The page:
Why essays backing convenience abortions won’t help the pro-abortion cause


Someone needs a wake-up call.

Most essays on the subject of abortion mention how difficult a decision it is, even if the author is pro-abortion, and even if he or she is really only paying lip-service to the thought of abortion being a heart-wrenching choice to make. It won’t help the pro-abortion cause much to have a bunch of women running around talking about how easy their abortion was for them because hello, that baby was inconvenient.

Jessica Grose at Slate thinks otherwise, however, and she wants to know where all of the flippant pro-abortion essays are, because women should totally stop talking about how sad their abortions were:

The pro-choice side remains in a defensive crouch. We trot out the saddest stories: a woman who really wanted a baby but terminated because the baby was not going to be able to live outside the womb or a woman who can’t afford another child without tumbling into poverty. But a lot of women have abortions and don’t look back. A lot of women don’t want a baby, and they don’t care whether the fetus is viable or how much money is in their bank account. Where are their essays?

… First-person abortion stories in major publications are almost always about “appropriate” abortions. Shrouded in mournful tones, regretting the baby that couldn’t be, reflecting on that upsetting choice. But this is such a narrow way of looking at an experience that a third of women in America have. Most people who get abortions aren’t teenagers or terminating unviable babies. Six in 10 women who get abortions are already mothers, and 3 in 10 women have two or more children. The abortion rate is highest among women in their 20s. And there is a range of emotions that women feel when they’re getting what is essentially a medical procedure. Some feel relief, some feel nothing, others even feel joy.

It’s not surprising that we need to look beyond the media gatekeepers for authentic expressions of this range of emotion. When I was an editor at Jezebel, there was a Tumblr that made the rounds called “What to Expect When You’re Aborting.” The 23-year-old anonymous author put the site up because when she needed an abortion, she tried googling “abortion blog” and only came up with anti-choice nonsense and women who regretted their terminations. So she wanted to publish something servicey that explained what an abortion was like and how to go about getting one. But what I liked best about the site was how blithe and unapologetic she was about her choice. She described the aftermath of her abortion like this:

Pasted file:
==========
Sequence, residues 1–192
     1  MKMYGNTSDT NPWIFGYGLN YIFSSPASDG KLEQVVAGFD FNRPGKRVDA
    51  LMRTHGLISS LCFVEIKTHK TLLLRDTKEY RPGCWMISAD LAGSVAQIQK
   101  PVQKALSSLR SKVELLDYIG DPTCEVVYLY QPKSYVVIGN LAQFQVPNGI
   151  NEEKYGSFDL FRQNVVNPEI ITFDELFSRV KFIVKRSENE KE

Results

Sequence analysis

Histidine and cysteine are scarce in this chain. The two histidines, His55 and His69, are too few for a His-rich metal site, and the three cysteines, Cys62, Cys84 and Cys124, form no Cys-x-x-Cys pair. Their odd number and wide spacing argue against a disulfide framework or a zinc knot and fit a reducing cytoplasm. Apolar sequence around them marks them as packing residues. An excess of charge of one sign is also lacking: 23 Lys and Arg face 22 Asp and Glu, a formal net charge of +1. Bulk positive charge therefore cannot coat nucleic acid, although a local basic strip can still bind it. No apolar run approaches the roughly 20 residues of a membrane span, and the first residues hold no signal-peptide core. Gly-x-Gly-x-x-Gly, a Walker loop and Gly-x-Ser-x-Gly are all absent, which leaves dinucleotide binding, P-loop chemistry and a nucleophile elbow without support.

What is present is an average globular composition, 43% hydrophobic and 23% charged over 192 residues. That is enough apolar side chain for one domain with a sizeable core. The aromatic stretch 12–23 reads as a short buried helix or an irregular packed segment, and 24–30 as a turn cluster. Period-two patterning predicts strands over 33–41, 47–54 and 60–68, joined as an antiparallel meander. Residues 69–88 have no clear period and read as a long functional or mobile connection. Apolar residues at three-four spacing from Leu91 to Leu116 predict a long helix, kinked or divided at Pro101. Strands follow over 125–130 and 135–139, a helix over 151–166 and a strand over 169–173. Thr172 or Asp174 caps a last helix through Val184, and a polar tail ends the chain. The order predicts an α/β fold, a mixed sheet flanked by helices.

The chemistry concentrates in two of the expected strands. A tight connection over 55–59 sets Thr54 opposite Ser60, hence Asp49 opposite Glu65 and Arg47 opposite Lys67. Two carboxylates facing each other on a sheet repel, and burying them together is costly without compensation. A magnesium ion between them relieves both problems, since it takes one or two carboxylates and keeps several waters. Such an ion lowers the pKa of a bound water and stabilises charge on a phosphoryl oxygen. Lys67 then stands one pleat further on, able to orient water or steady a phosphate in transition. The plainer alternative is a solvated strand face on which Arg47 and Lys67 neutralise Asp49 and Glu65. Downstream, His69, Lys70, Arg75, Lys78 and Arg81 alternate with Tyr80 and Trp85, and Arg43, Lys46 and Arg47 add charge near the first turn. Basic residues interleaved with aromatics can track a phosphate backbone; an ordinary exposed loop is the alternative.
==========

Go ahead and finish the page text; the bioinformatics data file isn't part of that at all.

By monday my hormones were a little wonky but in all i just felt like this parasitic creature that burrowed its way into me and fed of my energy, apetite, [sic] and joy was removed. And I had been restored.

This kind of honesty might not change any anti-choice minds. But it pushes forward the idea that there isn’t one right way to feel about terminating a pregnancy. And it has the potential to nudge the battle back leftward after ceding so much ground.

There’s a reason why no one talks about how her abortion made her feel “restored,” or refers to her baby as a “parasite.” It would serve only to further expose how monstrous abortion really is. Those sad essays shrouded in mournful tones help the pro-aborts, although Grose can’t seem to understand that.

Here’s the thing: while many Americans may say they want abortion to be legalized, at least half of them find abortion to be morally wrong – and this from a poll done by the Huffington Post, not exactly a bastion of pro-life views. A large percentage wanted abortion to be generally illegal, with the exception of special circumstances. Only a small minority favored abortion to be totally legal, with no restrictions whatsoever. Another poll found that a majority of youth – 35 and under – now consider themselves pro-life.

As Grose herself says, the pro-aborts have lost a lot of ground. Is the best way to regain that ground really by having a bunch of selfish women writing shallow, frivolous essays about how their abortion was totally, like, no big deal?

The reality is that, as awful as it is, most women do get abortions because they simply don’t want a baby. The mournful essays about women who really didn’t want an abortion but simply had to have one because their baby had Down syndrome or something similarly “terrible” which just forced them to do it? Those are the extreme minority. Yet those are the sympathetic stories, which is why the abortion lobby so gleefully trots them out. It makes people think that abortion is an urgent need. No one wants to think that most women have abortions merely out of convenience – but this is what Grose thinks will endear people to the pro-abortion movement? Please. Someone needs a wake-up call.

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